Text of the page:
Jan 23, 2014

Red Light Running Menace

You hear and read this refrain often from drivers who complain about cyclists and are not in favour of more bike infrastructure -

"As soon as those cyclists start obeying the rules of the road and stop zig-zagging, running red lights, rolling through stop signs, blah blah blah...then I'll give them more respect..."

I got so sick of hearing and reading it that I decided to REALLY  watch other drivers when I was walking, and especially driving.  And what I saw, after looking a lot more closely kinda freaked me out.
 
If you spend any amount of time walking and cycling in Calgary, you know that many drivers blow red lights regularly and roll right hand turns on red lights with abandon.  The Calgary Herald reported on the issue a couple years ago - and to quote the article, "the picture isn't always pretty".

No shit.  There is a pedestrian/cyclists hit by a car almost twice a day in this city.  The total number of bikes + people hit by cars in 2011 was 733 based on Calgary Police Service statistics.

I've also done my own anecdotal study of the issue while walking to work along 17th Ave SW a few times in the last 4 months and my observations are just as scary.

Basically, I walked from 45 St SW to the shop and along the way stopped at the signalized intersections and counted the red light runners over the course of a complete signal cycle.  These are the intersections I stopped at - 37 St, 33 St, 29 St, 26 St, 24 St, and Richmond Rd.

The truly scary part - the vast majority of intersections had at least 1 driver run/roll a red, more often, more than just 1.

Here's what I was able to sort out -

There are close to 1000 signalized intersections in the city



It takes 2-4 minutes for a full signal cycle



In an effort to be conservative, lets use the rush hours as our timeframe - 6:30-8:30am and 4:30-6:30pm - just 4 hours - instead of an entire 24 hour day.  And lets also only use 1/3 of the signalized intersections, again to stay on the conservative side of things.

So, we have...

- observed 1.3 infractions per signal cycle
1.3

- lets use a longer 4 minute signal cycle, giving us 15 cycles per hour
1.3x15=19.5 infractions per hour

- then use the 4 hour time window
19.5x4=78 infractions in 4 hours

- then the 329 (third of the 1000ish signals in the city)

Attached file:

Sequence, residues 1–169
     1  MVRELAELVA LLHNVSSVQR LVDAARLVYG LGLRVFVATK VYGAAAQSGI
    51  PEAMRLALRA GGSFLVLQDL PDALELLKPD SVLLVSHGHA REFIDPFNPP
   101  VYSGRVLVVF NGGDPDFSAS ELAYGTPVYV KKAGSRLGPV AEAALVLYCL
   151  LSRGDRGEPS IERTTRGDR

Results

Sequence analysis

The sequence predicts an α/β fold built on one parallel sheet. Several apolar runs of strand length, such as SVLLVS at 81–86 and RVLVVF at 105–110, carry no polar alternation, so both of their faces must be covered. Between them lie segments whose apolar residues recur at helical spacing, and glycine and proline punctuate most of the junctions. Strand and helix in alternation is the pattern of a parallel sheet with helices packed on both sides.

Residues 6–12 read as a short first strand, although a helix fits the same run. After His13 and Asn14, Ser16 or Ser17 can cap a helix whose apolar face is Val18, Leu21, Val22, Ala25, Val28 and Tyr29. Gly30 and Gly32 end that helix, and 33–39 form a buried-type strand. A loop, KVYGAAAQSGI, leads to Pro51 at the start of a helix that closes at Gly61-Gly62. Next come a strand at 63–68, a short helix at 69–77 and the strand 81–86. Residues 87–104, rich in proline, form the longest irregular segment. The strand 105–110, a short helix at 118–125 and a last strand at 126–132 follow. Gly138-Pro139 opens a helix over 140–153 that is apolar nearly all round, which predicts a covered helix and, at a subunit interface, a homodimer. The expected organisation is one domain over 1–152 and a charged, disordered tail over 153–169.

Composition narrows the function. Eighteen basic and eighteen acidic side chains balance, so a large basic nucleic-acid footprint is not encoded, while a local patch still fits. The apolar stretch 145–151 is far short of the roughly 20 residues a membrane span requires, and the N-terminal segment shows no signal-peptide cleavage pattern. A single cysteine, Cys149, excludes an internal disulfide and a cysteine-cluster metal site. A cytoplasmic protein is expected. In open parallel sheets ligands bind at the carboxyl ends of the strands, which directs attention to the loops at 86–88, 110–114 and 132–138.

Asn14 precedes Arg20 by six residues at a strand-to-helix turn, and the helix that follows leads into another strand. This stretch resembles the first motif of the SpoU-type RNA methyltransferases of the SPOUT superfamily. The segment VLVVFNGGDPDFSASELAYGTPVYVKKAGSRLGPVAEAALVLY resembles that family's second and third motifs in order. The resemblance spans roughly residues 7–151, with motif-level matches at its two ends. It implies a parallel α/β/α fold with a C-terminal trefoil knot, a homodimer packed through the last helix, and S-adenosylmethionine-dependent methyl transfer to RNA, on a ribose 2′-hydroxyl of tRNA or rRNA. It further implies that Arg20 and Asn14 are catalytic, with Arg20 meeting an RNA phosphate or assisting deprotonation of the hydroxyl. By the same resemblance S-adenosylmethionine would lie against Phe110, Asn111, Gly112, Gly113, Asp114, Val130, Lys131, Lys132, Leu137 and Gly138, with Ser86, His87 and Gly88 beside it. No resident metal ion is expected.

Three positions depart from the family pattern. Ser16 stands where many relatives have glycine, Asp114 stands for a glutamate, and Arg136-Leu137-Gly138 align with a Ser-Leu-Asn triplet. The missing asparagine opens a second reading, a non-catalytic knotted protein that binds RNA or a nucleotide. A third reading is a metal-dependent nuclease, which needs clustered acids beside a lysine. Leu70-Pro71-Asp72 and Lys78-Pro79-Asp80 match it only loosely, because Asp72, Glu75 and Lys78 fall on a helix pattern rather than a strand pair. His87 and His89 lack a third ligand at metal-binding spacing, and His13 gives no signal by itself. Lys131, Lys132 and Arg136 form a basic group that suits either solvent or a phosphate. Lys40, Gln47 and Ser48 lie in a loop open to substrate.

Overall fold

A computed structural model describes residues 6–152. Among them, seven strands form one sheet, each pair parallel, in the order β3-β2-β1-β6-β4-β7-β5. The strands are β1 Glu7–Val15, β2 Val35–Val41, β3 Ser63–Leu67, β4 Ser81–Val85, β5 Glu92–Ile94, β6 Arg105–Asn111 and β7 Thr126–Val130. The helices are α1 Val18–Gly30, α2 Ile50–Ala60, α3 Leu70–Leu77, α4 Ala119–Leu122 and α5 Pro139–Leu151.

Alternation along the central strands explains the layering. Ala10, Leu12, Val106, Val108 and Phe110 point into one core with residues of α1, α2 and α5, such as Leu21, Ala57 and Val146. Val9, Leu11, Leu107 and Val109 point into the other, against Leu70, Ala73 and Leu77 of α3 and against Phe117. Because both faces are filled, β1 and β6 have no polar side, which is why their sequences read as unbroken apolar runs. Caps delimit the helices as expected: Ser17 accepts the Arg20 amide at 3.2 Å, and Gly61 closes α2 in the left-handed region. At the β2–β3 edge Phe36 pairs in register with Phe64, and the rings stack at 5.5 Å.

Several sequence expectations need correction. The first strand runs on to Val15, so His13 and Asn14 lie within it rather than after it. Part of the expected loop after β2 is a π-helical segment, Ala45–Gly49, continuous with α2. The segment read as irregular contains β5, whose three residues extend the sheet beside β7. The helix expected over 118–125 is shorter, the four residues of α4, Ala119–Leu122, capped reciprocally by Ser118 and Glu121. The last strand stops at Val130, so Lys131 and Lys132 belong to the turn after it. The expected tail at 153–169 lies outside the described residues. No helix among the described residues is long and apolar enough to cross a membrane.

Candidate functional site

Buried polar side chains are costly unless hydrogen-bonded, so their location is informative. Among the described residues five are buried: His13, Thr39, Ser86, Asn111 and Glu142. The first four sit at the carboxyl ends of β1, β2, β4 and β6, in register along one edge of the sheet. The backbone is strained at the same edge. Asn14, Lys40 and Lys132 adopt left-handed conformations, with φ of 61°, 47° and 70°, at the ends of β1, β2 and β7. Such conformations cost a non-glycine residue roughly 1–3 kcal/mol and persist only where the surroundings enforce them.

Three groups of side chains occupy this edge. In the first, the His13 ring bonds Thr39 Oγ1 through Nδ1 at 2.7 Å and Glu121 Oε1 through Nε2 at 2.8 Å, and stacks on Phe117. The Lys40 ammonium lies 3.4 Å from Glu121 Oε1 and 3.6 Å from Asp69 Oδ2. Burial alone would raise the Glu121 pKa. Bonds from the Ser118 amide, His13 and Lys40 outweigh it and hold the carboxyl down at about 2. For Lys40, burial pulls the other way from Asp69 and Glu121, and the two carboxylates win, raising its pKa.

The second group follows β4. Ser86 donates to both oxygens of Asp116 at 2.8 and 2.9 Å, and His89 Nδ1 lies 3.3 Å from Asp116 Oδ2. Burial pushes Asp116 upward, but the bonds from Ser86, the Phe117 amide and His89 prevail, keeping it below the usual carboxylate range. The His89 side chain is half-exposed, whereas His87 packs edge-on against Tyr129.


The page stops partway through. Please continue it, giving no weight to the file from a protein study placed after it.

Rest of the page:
78x329=25662 infractions at 1/3 of Calgary's intersections in 4 hours

- which works out to a conservative estimate of 6415 per hour!

6400+ red light runners and rolling red light right turn infractions are happening every daylight hour - day after day, month after month- you get the idea.  And the real numbers are probably much higher.  Yet, there is no obvious enforcement of this dangerous driver behaviour, no police crackdowns or blitzes - no TV/radio spots encouraging good behaviours, no newspaper articles - it's as if everyone is resigned to believe that the death and mayhem is just a cost of doing business in our car dominated society.

Where is the traffic enforcement?  Where is the awareness campaigns for drivers, pedestrians, and cyclists?  Where is the outrage at all the suffering that we don't need to be experiencing or paying for in lost productivity, insurance claims, and lives shortened?

The next time you read or hear someone ranting that cyclists don't deserve safe spaces to travel in, remember these numbers and remember where the true menace lies - often behind the wheel.

Winterpalooza 2014 Photo Booth

What an event!  So much fun and so much excitement surrounding it had those of us that organized it buzzing for days after.  The first Winterpalooza Festival has been a blast - cannot wait for next year.

First off, we'd like to thanks Katherine from the City's bike office for partnering with us on this project - we couldn't have done it without you!

So, without further adieu - click here for the web album



Jan 6, 2014

Winterpalooza 2014!


This is going to be so much fun!

Following in the footsteps of the popular Cyclepalooza summer bike festival, its winter sibling aims to show people how easy and fun riding in the winter can be.

There are already events of all kinds on the calendar - ice racing, foodie rides, winter cycling photo booth, biking to tobogganing, winter bike to work day, and even a dance party! But there is room for more events, and just like with the summer festival, more events will make the festival even better.

So, talk to your biking pals, and plan on hosting an event.  It can be really simple or crazy elaborate - it's up to you!